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September 28, 2017
Landfills have a finite operational and economic life. When waste can no longer be accepted and the facility closes, it transitions from an income source to a financial and environmental liability.
Recognizing this, EPA’s Resource Conservation and Recovery Act (RCRA) outlines requirements for post-closure care (PCC) and long-term management for landfills. For landfill owners, strategic end-use planning for the facility, early data collection, and predictive modeling of landfill changes will reduce near- and long-term costs.
Based on experience with active and closed landfills throughout the Pacific Northwest, let’s take a look at regulatory requirements and owner strategies for planning long-term management of permitted waste facilities and ways to reduce the PCC period.
Closure without ‘closure’
Closure of a facility ends its operational life accepting waste and marks the transition to the PCC period.
PCC can be defined as the time after closure when the owners actively monitor and maintain systems designed to prevent releases of contaminants to the environment (e.g., landfill cover, landfill gas extraction system and leachate collection system).
RCRA established that PCC should be conducted for a presumptive period of 30 years by the owner or operator of a waste facility. The PCC period is generally considered complete when the landfill no longer presents a threat to human health or the environment. However, in practice, the PCC period is typically much longer than 30 years, especially for legacy facilities (i.e., unlined “sanitary landfill” facilities or open dumps) developed prior to advances in landfill design and operation requirements.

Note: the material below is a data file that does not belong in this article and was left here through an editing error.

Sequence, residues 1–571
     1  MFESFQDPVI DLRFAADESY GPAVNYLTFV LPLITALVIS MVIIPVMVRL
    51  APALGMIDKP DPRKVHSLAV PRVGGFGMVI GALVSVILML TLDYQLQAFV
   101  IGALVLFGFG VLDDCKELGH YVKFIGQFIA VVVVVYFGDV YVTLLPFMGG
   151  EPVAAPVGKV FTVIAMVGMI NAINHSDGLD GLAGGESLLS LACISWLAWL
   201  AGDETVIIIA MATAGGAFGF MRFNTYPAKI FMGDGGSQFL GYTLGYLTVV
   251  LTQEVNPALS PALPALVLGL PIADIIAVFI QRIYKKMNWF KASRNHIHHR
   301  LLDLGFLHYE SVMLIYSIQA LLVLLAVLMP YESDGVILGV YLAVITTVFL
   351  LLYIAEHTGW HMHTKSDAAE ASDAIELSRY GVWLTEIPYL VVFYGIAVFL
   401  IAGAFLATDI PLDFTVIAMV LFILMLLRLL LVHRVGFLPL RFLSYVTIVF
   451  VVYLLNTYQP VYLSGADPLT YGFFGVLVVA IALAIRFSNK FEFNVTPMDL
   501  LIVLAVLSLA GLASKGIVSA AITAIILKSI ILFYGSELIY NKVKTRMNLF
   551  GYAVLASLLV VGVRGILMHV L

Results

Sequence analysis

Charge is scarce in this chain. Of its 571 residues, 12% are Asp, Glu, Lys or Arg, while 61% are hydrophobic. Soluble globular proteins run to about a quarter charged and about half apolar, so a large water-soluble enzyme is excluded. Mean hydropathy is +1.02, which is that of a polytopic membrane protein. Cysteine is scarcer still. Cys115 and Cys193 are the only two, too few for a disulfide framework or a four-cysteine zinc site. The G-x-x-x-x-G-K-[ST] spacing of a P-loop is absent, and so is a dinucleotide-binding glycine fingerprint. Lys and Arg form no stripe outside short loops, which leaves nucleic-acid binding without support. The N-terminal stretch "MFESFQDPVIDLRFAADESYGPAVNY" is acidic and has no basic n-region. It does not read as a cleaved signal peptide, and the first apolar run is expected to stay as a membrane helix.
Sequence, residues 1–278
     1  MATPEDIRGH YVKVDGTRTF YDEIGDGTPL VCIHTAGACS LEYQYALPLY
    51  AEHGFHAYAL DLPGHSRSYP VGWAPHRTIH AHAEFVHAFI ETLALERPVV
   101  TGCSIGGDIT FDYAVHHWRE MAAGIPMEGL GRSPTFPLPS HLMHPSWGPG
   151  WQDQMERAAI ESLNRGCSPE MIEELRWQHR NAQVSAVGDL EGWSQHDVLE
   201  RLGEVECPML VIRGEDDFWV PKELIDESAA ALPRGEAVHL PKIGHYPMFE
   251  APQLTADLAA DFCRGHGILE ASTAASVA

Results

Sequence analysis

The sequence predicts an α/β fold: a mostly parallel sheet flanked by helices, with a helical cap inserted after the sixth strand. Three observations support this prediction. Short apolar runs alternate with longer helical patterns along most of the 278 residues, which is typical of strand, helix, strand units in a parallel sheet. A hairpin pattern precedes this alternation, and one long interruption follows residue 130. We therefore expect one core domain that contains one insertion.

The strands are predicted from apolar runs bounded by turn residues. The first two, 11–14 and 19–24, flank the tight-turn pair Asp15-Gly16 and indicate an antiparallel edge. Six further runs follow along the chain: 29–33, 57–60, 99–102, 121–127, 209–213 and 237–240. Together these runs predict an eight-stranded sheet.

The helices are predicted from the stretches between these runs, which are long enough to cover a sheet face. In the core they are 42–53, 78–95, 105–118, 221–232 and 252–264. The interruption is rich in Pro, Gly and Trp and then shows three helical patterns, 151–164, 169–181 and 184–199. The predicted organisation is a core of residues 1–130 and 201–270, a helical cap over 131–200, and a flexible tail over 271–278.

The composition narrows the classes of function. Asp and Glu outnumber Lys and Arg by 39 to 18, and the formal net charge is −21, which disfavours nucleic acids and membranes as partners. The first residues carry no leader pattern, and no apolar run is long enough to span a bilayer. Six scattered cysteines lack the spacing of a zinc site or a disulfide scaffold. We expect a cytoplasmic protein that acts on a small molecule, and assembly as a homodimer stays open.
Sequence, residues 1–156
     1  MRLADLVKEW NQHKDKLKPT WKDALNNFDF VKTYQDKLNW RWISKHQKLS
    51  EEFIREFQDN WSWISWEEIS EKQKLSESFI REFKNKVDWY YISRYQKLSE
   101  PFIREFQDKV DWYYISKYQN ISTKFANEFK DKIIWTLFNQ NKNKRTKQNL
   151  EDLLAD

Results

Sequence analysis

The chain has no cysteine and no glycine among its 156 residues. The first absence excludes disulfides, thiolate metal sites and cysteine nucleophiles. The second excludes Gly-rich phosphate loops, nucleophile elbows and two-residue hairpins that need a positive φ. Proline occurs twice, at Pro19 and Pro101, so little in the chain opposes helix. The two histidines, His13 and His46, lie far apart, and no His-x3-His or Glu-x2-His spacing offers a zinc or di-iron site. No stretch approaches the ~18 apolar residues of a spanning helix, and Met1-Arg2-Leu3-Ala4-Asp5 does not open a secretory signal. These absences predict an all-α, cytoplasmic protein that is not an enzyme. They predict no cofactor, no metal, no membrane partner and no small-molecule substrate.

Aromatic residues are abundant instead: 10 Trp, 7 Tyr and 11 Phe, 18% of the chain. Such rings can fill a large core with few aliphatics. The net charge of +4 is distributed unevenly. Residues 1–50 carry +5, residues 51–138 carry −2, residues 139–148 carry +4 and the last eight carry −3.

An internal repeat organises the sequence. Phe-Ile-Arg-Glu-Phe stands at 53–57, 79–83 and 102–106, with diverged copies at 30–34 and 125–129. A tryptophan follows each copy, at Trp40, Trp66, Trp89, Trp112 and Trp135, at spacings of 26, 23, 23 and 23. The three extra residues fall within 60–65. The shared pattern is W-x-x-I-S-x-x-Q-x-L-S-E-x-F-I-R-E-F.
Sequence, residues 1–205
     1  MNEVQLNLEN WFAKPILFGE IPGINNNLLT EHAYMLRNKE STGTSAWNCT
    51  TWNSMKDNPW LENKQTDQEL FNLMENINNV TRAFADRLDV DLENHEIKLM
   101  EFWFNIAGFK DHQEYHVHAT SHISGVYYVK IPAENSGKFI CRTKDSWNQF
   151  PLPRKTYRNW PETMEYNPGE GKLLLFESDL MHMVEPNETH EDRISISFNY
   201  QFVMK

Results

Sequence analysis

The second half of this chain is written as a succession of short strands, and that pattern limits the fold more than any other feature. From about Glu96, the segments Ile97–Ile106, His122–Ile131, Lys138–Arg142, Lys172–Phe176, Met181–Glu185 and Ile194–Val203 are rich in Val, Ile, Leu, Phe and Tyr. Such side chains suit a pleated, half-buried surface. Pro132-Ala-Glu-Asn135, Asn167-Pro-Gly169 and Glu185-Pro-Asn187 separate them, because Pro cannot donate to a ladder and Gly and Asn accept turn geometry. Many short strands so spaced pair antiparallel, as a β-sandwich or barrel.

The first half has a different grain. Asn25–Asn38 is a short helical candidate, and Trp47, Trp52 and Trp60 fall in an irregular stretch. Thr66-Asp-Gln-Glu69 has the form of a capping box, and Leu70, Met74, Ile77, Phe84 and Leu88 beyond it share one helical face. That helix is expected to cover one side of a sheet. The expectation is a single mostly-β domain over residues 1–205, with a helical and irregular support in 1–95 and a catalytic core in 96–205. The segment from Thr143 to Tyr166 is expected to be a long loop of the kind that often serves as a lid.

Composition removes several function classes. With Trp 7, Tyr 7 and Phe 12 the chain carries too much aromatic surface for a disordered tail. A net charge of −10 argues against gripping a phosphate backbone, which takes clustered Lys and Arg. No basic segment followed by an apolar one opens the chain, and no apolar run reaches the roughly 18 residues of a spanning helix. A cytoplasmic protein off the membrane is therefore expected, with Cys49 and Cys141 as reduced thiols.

Newer landfills were designed to more effectively manage risk, reduce threats to human health and environment, and stabilize the waste more efficiently.
The owner is financially responsible for any contaminant release that poses a threat to human health and environment until the PCC period ends. And this is true even when the facility is transitioned to reuse (i.e., custodial care). RCRA requires owners of waste facilities to demonstrate “financial assurance” for the required maintenance and monitoring activities during the PCC period, and any corrective action needed to control releases of contaminants into the environment.
The greatest risk to incurring long-term financial obligations is generally a release to groundwater from leachate or landfill gas. Corrective action for a groundwater impact can be costly and take years of additional effort and expenditures to characterize, investigate and clean up.
The monitoring and maintenance programs for the PCC period need to be designed carefully during the closure process to be both protective of the environment but also cost efficient based on the potential long-term financial obligations of a closed facility.
Determining how long to continue PCC monitoring and when a landfill no longer poses a threat to human health and environment is challenging for both owners and regulators. Also daunting is successfully planning for the post-PCC finish line i.e., the sustainable transfer of a facility back to beneficial reuse while trying to avoid threats to landfill health over the next 30 years.
In Washington, the Department of Ecology adopted a “functional stability” model to clarify the more arbitrary 30-year presumptive PCC period for permitted municipal landfills. These standards allow owners to determine the time needed for a permitted landfill to become “functionally stable” and update financial assurance estimates. Threats are evaluated based on leachate quality and quantity, landfill gas production, cover system integrity and groundwater quality.